This past semester was a whirlwind of reading and writing for me. I spontaneously decided that I wanted to extract a liberal education from my university experience, and took three philosophy classes, each one extremely different. I took Introduction to Political Philosophy, in which we studied Plato, Machiavelli, Hobbes, Rousseau, Marx, Mill, and Weber. I took Wisdom of the Moderns, in which we studied Shakespeare, Adam Smith, Mill, Nietzsche, Conrad, Dostoyevsky, Rand, and a few others. And I took Theories of Gender and Sexuality, in which we studied numerous feminist (and related) thinkers, including Beauvoir, Bem, Wittig, Fanon, Foucault, Butler, and Fausto-Sterling. Needless to say, it was rather overwhelming, and I imagine I am going to process it for years.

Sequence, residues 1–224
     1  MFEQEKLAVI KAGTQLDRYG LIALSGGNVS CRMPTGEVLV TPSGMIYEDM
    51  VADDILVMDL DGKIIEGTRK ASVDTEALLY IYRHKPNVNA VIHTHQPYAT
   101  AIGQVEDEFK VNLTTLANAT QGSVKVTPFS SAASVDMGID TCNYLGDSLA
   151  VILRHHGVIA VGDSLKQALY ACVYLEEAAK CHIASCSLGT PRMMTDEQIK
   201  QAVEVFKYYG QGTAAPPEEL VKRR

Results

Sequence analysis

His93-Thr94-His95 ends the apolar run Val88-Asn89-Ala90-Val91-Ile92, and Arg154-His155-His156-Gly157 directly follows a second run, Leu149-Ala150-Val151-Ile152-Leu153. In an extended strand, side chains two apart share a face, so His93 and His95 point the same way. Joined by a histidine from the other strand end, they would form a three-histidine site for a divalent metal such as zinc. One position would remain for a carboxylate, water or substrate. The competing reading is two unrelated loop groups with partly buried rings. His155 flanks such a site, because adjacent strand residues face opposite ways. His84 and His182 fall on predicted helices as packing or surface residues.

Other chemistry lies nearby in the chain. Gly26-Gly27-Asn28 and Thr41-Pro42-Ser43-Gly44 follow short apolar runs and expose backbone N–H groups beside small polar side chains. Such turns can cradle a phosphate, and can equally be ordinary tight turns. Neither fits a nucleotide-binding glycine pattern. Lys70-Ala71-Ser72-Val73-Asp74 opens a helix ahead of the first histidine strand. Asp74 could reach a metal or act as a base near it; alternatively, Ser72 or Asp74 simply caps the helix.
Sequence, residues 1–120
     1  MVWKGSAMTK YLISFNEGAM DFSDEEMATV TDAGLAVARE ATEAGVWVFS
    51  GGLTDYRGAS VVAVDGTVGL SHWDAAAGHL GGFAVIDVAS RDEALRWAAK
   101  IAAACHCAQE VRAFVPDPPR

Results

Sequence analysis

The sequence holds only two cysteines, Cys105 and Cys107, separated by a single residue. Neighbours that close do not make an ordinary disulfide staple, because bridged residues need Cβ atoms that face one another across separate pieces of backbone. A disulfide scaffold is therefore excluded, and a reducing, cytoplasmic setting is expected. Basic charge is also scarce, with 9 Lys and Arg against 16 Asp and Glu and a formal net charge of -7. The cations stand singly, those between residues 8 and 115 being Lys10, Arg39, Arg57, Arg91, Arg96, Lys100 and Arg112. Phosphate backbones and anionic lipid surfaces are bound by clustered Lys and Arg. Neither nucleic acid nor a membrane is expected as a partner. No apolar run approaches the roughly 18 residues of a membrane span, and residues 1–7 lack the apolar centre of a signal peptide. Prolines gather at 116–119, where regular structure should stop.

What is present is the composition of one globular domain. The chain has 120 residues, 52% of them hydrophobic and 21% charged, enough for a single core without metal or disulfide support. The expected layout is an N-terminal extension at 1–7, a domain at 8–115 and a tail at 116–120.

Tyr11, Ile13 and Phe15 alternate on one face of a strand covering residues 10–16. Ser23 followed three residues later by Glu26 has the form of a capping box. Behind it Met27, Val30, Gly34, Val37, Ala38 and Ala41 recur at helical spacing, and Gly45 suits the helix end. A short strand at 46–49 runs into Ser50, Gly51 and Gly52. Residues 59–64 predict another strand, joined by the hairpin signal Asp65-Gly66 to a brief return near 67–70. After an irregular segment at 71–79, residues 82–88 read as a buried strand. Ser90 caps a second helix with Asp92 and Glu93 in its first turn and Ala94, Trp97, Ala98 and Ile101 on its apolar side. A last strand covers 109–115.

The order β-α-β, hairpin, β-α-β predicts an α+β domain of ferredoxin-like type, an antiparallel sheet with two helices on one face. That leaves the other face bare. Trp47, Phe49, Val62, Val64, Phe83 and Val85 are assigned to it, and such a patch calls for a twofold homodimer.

Alarm. The dream wasn’t too interesting anyway. It was about… zebras? I already can’t remember. It must have really not been interesting.
Below we will consider a few lines of logical thought. They will all take the form of proof by contradiction. This type of proof assumes the opposite of what it wants to prove, and then shows that this assumption leads to a contradiction. A contradiction occurs when a proposition is said to be both true and false at the same time and in the same sense. It is fundamental and obvious that contradictions cannot be true. For example, the material world cannot be the only world that exists and also not the only world that exists. If some proposition necessarily leads to a contradiction, then that proposition must be false. Thus, its opposite is true. So there’s some introductory logic for you.